Over the past few months, we have focused on several concepts which are integral to the understanding of Islam.
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During the month of Ramadan, 11th April 2021, [ https://ismailimail.blog/2021/04/11/chand-raat-of-ramadan-1442-hijri-12th-april-2021/ ], we focused on concept of ihsan, which Angel Gabriel described to Prophet Muhammad (pbuh) as “worshiping Allah as though you see Him and if you cannot see Him, then knowing that He sees you.” In its essence, ihsan is about striving to be the best person that one can be. We then explored walaya, which signifies devotion to the Imams while accepting the uniqueness of Allah and His final messenger. We also touched on the concept of tahara, or purity, which is not simply about physical cleanliness, or washing, or wudu/wadhu before presenting yourself before God but to be ritually pure in the presence of God; it points to a purity of the heart, the mind, the tongue and the soul.
But for us to adopt ihsan, walaya and tahara into our daily lives, we must first be sincere in our intentions and also in our actions. This idea of sincerity is often represented by the Qur’anic word, Ikhlas. Verses from a chapter in the Holy Qur’an by this name are included in the sixth part of the Ismaili Muslim Du’a. At its core, ikhlas is an attitude of the heart. It means that we do our best to refrain from all things worldly, while obeying and worshiping God. In a celebrated hadith of the Prophet, we are told that Allah (swt) judges us not by our wealth or appearance but by the genuineness of our intentions, our niyyat, and by what is truly in our hearts.
When it comes to our personal behavior and character, we must do things because they are inherently right, because they are pleasing to Almighty Allah. Our beloved fourth Imam, Mawlana Muhammad al-Baqir (alayhi salaam) once said: “When a man does some kindness to a relative or offers something for the sake of Allah, the reward of a good deed performed secretly is written for him. Later, if he mentions it to someone, that which was written earlier is wiped out and in its place the reward of a good deed performed openly is written for him. Later, when he makes mention of it again, what is written for him is the vice of showing off.”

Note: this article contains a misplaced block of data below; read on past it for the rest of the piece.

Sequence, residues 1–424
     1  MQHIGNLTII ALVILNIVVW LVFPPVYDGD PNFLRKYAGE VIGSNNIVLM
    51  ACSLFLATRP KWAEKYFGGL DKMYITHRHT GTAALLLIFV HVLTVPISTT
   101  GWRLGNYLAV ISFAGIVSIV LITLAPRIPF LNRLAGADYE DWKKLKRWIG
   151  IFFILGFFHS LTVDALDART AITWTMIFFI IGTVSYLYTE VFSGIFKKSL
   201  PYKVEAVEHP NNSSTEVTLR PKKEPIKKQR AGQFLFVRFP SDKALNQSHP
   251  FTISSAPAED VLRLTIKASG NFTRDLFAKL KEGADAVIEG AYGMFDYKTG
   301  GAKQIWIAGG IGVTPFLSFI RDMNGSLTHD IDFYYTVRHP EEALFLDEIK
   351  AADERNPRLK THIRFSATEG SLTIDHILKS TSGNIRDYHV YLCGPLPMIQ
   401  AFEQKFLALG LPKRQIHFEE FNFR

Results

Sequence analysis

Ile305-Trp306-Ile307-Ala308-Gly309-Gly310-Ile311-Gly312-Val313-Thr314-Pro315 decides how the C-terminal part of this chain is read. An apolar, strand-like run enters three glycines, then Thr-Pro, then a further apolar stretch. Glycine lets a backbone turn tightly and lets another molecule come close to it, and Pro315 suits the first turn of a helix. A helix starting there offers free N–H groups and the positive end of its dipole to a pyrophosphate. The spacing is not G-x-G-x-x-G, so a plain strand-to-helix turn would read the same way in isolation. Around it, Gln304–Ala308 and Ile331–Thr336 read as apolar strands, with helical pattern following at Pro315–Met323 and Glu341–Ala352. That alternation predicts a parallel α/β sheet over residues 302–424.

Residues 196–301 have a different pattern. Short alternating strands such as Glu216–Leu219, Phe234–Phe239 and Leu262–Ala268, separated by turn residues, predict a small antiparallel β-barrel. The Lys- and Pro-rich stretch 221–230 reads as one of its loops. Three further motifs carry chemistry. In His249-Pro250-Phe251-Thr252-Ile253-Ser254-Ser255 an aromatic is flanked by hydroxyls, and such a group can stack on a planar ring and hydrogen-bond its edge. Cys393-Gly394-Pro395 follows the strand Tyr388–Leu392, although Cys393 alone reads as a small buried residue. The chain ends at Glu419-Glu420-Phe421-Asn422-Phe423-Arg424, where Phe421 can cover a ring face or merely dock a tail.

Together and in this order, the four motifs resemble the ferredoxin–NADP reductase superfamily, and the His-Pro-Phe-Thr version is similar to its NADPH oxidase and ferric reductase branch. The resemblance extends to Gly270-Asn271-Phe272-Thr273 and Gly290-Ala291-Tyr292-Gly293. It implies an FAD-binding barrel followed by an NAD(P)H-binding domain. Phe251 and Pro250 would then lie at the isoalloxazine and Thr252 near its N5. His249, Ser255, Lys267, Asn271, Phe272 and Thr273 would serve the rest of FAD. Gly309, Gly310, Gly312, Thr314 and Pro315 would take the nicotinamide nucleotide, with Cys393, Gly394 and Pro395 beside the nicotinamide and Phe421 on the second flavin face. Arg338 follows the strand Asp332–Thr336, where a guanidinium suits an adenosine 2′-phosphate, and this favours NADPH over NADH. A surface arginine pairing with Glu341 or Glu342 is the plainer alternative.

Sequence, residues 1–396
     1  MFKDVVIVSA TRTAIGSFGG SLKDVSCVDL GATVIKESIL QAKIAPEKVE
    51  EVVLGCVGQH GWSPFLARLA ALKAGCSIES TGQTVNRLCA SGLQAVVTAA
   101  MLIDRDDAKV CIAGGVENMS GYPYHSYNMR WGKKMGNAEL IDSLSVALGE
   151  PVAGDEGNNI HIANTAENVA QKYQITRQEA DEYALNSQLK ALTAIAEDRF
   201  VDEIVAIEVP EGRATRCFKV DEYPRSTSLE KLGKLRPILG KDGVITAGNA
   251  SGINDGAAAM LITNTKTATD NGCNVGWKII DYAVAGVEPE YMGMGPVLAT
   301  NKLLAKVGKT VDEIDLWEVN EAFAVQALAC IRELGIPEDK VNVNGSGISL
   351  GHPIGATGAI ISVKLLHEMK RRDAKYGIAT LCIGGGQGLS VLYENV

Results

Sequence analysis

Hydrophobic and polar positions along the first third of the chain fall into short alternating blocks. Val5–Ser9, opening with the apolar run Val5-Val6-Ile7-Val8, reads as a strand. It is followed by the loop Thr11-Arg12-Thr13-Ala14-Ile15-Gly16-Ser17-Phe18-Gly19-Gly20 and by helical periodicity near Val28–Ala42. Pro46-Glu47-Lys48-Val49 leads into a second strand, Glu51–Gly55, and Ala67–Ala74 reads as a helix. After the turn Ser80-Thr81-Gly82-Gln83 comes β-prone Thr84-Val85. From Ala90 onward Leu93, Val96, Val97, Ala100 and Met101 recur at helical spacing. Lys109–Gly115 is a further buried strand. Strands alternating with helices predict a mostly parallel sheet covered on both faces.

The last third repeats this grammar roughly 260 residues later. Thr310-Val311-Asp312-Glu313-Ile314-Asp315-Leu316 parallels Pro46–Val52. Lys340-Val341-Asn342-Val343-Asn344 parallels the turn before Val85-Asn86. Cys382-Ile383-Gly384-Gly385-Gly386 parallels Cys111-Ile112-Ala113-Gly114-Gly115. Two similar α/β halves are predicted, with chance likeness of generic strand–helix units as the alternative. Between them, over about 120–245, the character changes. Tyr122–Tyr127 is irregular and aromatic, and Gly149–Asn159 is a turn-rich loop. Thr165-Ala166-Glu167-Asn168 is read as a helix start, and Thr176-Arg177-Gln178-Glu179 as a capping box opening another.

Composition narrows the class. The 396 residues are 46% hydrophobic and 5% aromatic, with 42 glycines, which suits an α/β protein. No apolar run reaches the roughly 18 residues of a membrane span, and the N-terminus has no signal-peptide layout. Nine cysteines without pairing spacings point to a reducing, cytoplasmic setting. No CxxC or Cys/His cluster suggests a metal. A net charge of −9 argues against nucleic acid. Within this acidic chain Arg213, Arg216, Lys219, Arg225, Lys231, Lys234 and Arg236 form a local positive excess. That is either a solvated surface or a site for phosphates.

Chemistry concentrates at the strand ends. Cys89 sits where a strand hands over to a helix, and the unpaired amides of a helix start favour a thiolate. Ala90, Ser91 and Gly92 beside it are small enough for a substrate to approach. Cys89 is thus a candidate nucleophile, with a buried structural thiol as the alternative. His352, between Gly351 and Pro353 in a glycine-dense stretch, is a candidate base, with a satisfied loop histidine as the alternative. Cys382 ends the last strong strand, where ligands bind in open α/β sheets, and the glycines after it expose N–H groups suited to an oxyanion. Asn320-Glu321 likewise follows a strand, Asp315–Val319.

Sincerity also applies to our religious act. For many of us, when we are learning about our traditions and practices, we are instructed by our parents, elders, and teachers on what we should do. We are taught how we should say our prayers and guided on what actions are required during each ceremony. In time, these actions become so routine and commonplace, they turn into mere habits. It is precisely at these times, when we become aware of this, that we must reflect on why we do certain things and or in certain ways.
If ihsan is about striving to be our best, then ikhlas is about ensuring that our actions are anchored by the right intentions. Imam Mawlana Ja’far al-Sadiq (alayhi salaam) once said, “To persist in an action until it becomes sincere is more difficult than performing the action itself, and sincerity of action means you should not desire anyone’s praise except that of Your Creator.”
Sincerity takes time to develop and often requires practice. True sincerity is about integrity and about striving to be spiritually honest with ourselves in all that we do. Whenever we have a few moments during our daily lives, we should remember our Creator. And in those moments, as well as during formal prayer times, we should aim to push all other thoughts away, so that our love and devotion to God can become purer and continue to grow.
Our faith teaches us to be humble, honest, generous, and compassionate. How many of us incorporate the values of humility, honesty, generosity, and compassion into our everyday lives? How many of us strive to develop an intimacy in our prayers when we speak to God? Piety is much more than just going through the motions, much more than performing the same actions over and over. Let us strive to be more sincere in all that we do.